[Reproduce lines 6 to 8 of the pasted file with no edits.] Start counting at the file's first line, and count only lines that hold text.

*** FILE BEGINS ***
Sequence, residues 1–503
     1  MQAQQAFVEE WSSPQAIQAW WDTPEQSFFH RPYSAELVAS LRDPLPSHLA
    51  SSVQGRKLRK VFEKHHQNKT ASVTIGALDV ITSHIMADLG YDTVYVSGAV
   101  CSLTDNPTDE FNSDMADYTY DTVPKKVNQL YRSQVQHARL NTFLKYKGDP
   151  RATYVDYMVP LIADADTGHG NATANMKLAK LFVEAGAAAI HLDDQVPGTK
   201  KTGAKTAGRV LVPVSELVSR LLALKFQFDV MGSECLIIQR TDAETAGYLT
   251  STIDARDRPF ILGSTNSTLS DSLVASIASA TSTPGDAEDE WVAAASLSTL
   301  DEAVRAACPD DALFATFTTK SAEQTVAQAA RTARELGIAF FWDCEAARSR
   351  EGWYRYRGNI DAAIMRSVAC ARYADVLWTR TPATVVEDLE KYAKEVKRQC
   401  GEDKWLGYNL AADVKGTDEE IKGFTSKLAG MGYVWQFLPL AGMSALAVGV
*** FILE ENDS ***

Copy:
   201  KTGAKTAGRV LVPVSELVSR LLALKFQFDV MGSECLIIQR TDAETAGYLT
   251  STIDARDRPF ILGSTNSTLS DSLVASIASA TSTPGDAEDE WVAAASLSTL
   301  DEAVRAACPD DALFATFTTK SAEQTVAQAA RTARELGIAF FWDCEAARSR